The Office of Management and Budget will kick off a 120-day review of the security clearance process next week.
An interagency working group will make recommendations to the president for improvements across three broad areas.
“For suitability and fitness, the review will focus on whether the processes in place correctly identifies applicants who, based upon their character and past conduct, may be disruptive to operations or even dangerous to the workplace,” said Joe Jordan, administrator of the Office of Federal Procurement Policy, during a hearing before the Senate Homeland Security and Governmental Affairs Committee Thursday. “The focus on national security risk will center on determining eligibility and granting access that could lead to loss of classified information and damage to national security. Additionally, we will evaluate the means to collect, share, process and store information that supports these decisions, while emphasizing transactions among and equities shared across agencies.”
Jordan added the working group would review how these changes to the standards and procedures could be applied to federal contracting. One example Jordan highlighted is the increased sharing of data between agency suspension and debarment officials, and the offices which are responsible for determining security clearances.
Jordan, and representatives from the Office of Personnel Management, the Office of the Director of National Intelligence, the Defense Department and the Government Accountability Office, tried to alleviate lawmakers’ concerns since the tragic shooting of the Navy Yard and the almost six-month barrage of leaked classified data from Edward Snowden underscored the problems with the security clearance process.
President Barack Obama called for the review in the wake of the Navy Yard tragedy in September. One of the biggest issues in the Navy Yard tragedy and the Snowden leaks highlighted is the time between security clearance reviews. Currently, if a federal employee or contractor receives a security clearance at the secret level, the government doesn’t review them again for 10 years. If the employee or contract receives a top secret clearance, the government reviews them again in five years. Both situations rely on self reporting of any problems or changes by the government employee.
The review will try to address some of these shortcomings.
Jordan said agencies will collaboratively work on the issues with a goal of figuring out where the gaps and problems are, and addressing those issues immediately.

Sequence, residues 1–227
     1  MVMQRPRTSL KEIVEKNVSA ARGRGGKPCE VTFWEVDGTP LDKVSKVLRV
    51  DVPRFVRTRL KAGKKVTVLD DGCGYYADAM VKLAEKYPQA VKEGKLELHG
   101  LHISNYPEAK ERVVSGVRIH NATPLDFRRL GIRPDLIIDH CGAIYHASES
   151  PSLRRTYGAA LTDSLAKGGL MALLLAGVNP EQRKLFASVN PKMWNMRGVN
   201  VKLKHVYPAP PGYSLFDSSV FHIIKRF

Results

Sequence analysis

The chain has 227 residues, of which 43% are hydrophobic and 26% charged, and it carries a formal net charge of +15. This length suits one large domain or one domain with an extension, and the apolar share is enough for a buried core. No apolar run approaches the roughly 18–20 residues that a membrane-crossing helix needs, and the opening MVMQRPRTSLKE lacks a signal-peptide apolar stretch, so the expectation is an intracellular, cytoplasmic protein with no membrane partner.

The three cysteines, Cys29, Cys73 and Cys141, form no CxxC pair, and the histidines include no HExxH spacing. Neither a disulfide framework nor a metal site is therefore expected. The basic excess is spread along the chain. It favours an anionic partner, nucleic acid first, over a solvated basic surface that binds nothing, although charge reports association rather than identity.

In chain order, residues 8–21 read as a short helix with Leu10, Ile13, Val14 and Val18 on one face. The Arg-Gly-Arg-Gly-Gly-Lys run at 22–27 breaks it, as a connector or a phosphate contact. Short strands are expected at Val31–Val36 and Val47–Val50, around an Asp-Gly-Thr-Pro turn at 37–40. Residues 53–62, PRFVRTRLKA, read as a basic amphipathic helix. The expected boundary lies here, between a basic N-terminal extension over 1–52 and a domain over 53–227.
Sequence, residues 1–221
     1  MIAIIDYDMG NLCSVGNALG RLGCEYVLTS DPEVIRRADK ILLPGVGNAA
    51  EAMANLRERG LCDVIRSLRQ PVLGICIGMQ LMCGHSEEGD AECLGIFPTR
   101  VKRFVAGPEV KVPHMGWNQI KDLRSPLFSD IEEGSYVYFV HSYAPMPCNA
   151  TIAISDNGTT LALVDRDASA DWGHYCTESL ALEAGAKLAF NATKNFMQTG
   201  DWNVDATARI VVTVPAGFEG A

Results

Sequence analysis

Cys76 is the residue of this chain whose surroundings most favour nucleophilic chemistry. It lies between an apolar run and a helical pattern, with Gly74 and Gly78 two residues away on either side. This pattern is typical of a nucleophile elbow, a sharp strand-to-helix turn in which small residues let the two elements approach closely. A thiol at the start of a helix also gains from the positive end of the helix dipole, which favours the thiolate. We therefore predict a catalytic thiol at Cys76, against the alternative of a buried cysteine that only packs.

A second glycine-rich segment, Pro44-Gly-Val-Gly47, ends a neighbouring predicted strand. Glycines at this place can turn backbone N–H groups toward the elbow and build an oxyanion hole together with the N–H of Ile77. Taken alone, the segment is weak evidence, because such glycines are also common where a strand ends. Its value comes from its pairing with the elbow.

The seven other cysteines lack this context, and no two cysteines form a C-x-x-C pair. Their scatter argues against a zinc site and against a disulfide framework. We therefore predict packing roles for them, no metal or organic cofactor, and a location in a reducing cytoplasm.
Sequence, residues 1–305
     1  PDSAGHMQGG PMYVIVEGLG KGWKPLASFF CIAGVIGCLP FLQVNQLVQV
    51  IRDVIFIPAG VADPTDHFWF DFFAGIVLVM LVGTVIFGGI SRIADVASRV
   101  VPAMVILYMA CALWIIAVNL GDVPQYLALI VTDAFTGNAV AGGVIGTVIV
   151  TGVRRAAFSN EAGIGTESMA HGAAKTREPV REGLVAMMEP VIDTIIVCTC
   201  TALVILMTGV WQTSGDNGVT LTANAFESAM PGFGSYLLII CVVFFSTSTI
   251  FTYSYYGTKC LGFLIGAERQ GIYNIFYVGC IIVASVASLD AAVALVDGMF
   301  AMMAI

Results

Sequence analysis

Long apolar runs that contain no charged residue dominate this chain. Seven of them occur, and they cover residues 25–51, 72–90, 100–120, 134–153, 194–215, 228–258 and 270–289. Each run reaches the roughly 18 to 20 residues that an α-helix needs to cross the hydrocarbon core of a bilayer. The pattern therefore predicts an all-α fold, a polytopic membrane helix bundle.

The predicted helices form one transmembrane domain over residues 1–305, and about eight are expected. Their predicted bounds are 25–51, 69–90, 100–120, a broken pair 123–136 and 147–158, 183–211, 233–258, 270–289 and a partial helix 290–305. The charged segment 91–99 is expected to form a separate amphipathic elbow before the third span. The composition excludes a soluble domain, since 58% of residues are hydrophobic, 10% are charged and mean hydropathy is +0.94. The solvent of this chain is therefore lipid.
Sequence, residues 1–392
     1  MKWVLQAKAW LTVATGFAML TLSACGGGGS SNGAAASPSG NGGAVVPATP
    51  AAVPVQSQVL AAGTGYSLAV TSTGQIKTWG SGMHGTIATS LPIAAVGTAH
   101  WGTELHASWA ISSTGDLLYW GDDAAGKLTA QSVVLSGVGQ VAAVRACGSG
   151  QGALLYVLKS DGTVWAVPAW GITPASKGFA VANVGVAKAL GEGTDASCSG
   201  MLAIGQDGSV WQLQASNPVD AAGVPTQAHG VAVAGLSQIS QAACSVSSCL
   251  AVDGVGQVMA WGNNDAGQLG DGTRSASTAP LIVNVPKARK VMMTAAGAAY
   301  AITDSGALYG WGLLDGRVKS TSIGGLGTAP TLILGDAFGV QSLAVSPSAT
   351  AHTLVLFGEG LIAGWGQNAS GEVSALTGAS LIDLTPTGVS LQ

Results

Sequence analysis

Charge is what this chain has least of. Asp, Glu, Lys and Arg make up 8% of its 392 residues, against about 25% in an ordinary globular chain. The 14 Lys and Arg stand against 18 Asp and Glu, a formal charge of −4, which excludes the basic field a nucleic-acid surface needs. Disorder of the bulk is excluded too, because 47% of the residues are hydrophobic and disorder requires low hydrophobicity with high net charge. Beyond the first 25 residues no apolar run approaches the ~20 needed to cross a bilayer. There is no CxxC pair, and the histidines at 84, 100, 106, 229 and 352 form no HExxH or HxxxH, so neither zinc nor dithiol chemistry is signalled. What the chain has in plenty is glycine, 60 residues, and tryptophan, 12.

The interagency group will issue their recommendations to the president in mid- February.
This latest interagency committee is one of several that has tried to address long-standing issues with the security clearance process.
Congress got involved with the 2004 Intelligence Reform and Terrorism Protection Act where it called for major changes to the security clearance process, including speeding up the time it takes to get someone through the process.
Some lawmakers and experts say what the government is experiencing now is a reaction to that need for speed.
The issues with Aaron Alexis, the Navy Yard shooter, or Edward Snowden, in part, could be tracked back to the short cuts by vendors who are under pressure to meet congressionally-imposed deadlines to get the initial security clearance done. One of those requirements is a goal that says 90 percent of the initial clearances must be done in an average of 46 days.
Too much time in between reviews
One hole in the entire security clearance process that agencies recognized several years ago is with reevaluations of employees and contractors. Agencies leading these security clearance improvement efforts recognize there’s a need to have a continuous evaluation process.
Brian Prioletti, the assistant director of the Special Security Directorate in the National Counterintelligence Executive Office in the Office of the Director of National Intelligence, said ODNI has been testing a concept of continuous evaluation along with DoD over the last several years.
“We created a concept of operations that is now ready for testing that takes a level of checks and balances that are high enough to satisfy the requirements of top secret-sensitive compartmented information organizations such as the IC, but also reasonable for non-title 50 organizations or some of the other organizations. That’s a very touchy balancing act to make sure we have enough checks,” Prioletti said. “But it’s an expansion of what’s currently done. There are national agency checks, police checks and financial checks for secret-level clearances. We’ve expanded those to cover other areas. Some databases that include classified information and some that do not, as well as the commercial databases.”